Soft plastic tube baits are one of the most effective lures there are, next to flies, especially and panfish. They can be molded into any shape you can get, or make a mold for, can have any combination of colors added to them, any combination of scents added, and are less expensive than using live bait. They have incredible action in the water, and since they ‘feel’ soft and alive in a fishes mouth, they are slower to spit them out. Tubes also have the advantage of being 100% weedless, depending on how they are rigged. That means they can be tossed right into heavy cover where the fish live.
A Tube Is Born…
Few baits have had more impact on fishing. Tube-baits were invented and marketed by Bobby Garland in the 1970s as the Gitzit Tube. Originally made for bass, the lure was so successful that it was eventually made in smaller sizes for panfish as well. The style was soon adopted by many lure companies, and now, it is the most popular bait for crappie, and many other species. Sadly, Mr. Garland passed away in 2006 at the age of 67, but his legacy will live on for generations. The Gitzit tube is still one of the top fishing lures of all time, even 40 years later. It has caught just about everything that swims, in any water, anywhere. If I could only have one lure (and it not be a fly or a purple worm), then this would be the one.
Essential Tube Equipment
Tubes are very inexpensive, but some people enjoy the idea of making their own custom lures, and the tube is a good choice to the do-it-yourself-er. The equipment is not expensive, and it is relatively safe, especially when compared to pouring lead jigs and sinkers. There are no toxic fumes, and the plastic cools very quickly. The process is not complicated at all. In fact, if you were a child in the 60s, and had a Creepy Crawler Maker, then you already know the routine. One advantage to making your own is that you can create custom colors that may not be available commercially.
Anytime you work around hot stuff, you should use proper safety equipment. You need a pair work glove, goggles, and an apron. Wear long pants, shoes (not sandals), and a long sleeve shirt. Put the pets, and small children in a safe place in another part of the house, or yard.
The nice thing about modern materials is that you can do this easily in the kitchen, using just a microwave oven. You need a microwave oven, a 2-cup Pyrex glass measuring cup, molds, injectors, soft liquid plastic (called plastisol), coloring, and scent if desired, a place to set the tubes once they have cooled, and a little vegetable oil to lubricate the inside of the molds so the plastisol won’t stick. That’s all you need. The equipment is available from Jann’s Netcraft, and my favorite tube molds come from Del-Mart Molds. There are probably other suppliers, but these are who I prefer. Feel free to explore, and find your favorites.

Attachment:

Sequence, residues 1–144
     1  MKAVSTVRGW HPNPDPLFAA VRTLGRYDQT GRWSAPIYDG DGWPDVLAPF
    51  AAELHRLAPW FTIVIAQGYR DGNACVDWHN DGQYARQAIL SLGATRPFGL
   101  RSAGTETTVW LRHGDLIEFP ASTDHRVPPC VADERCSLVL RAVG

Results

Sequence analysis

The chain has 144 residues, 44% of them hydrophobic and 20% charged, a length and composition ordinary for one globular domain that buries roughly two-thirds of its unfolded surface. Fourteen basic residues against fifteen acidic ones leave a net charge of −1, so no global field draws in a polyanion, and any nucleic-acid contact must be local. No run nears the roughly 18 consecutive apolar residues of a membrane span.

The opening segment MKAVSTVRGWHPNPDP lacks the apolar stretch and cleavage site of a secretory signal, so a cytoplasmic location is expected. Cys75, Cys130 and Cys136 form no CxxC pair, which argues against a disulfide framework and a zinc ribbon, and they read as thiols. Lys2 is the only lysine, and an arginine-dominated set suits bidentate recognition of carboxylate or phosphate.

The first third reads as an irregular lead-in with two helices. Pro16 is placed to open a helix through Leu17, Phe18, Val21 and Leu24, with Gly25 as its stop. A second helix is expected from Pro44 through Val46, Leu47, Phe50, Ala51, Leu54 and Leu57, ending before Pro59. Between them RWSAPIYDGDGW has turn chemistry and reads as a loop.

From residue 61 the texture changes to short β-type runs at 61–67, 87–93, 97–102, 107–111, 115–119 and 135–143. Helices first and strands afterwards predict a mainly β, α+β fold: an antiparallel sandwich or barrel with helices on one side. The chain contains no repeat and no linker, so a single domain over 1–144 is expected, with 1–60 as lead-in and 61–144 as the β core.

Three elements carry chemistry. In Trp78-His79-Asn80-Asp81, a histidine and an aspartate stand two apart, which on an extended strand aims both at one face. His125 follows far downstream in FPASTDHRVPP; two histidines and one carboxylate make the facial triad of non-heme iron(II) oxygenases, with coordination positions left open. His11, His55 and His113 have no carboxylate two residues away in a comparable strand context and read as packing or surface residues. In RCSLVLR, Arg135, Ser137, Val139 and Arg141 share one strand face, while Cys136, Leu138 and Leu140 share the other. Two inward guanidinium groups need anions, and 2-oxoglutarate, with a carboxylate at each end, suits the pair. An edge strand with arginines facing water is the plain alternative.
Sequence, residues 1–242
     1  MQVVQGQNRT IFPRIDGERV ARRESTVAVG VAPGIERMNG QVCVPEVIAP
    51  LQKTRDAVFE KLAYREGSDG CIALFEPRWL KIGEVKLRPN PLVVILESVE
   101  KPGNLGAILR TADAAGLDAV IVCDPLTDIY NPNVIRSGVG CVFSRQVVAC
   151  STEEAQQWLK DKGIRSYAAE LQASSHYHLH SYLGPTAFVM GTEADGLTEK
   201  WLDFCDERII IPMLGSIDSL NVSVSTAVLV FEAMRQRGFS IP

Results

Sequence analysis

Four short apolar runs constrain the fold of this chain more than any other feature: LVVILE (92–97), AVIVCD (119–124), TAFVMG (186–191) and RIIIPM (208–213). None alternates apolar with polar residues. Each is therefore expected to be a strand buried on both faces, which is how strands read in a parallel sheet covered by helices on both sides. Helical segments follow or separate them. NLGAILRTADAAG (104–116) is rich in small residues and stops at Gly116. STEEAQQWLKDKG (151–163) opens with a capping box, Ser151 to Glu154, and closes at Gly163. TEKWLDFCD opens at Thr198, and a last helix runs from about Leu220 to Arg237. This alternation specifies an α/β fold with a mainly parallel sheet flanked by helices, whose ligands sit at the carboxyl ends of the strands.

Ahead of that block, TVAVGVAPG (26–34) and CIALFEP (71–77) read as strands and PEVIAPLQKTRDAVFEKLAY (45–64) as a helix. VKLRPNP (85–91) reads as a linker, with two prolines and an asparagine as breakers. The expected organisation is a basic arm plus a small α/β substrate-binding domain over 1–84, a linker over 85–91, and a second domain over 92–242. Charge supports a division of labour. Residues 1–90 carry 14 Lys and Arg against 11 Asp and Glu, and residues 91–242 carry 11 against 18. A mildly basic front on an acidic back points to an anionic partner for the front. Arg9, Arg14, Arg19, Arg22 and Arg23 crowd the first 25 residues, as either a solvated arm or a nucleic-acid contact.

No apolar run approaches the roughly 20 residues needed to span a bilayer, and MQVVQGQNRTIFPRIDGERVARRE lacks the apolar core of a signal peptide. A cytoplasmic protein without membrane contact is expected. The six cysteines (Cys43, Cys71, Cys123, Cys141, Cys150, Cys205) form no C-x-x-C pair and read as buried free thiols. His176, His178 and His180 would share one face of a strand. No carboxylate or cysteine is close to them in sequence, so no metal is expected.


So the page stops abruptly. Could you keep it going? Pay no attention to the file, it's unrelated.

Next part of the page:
Tubology 101: Step-by-Step How to make a Tube
Now we are ready to begin:
- Start by getting all your equipment and materials organized so that you can reach them easily.
- Lubricate the inside of the molds you plan to use with a little vegetable oil, then clamp the two halves together. There are some molds that have a built-in injector, and these will clamp with wing-nuts, rather than the standard rubber c-clamps.
- It is very important that your plastisol be well mixed. Shake the bottle for at least 1 minute, then remove the cap, get a stir stick, and stir it for another minute, taking care to scrape the sides and bottom well. You can not over-mix, so err on the side of more.
- Now, pour about 1 cup of plastisol in the Pyrex measuring cup. This will make a dozen or more tubes, depending on the size. Place the Pyrex cup in the microwave for 1-3 minutes on HIGH, depending on your oven power rating. Stop immediately if the plastic start to smoke. This means it is too .
- When the plastisol is done. Remove it from the microwave, ad your color, glitter and scent, and stir gently until it is mixed. You can just drizzle color into the plastisol for a marbled effect. For two or more colors, use two or more cups and injectors, each loaded with a separate color.
- Carefully pour some of the plastisol into the injector until is about ¾ full.
- Place the injector tip into one of the fill hole s on your mold. Hold the mold above the injector so that the cavity fills from the bottom-up.
- Slowly depress the plunger on the injector until the plastisol starts to come out of the top hole.
- If your mold has more than one cavity, continue the process with the other cavities in the mold.
- Set the mold aside to cool. You may now repeat this process with any other molds you have, until you have made all you want. Set them aside to cool.
- When the molds are cool to the touch, carefully and gently separate the halves of the molds, and carefully pull the tubes out. Be careful, because they are still not all the way done, yet, and will be a bit fragile. Set the tubes aside to finish cooling, preferably for 12 hours.
- It is important to keep all of your equipment clean. Clean each mold and put them up properly, clean out the Pyrex, the injectors and everything else. Store the plastisol, colors, scents, and glitter someplace where small children can’t get into it.
Now, you can use them just like the commercially made tubes. With a little practice, there are few limits to the colors and effects you can achieve.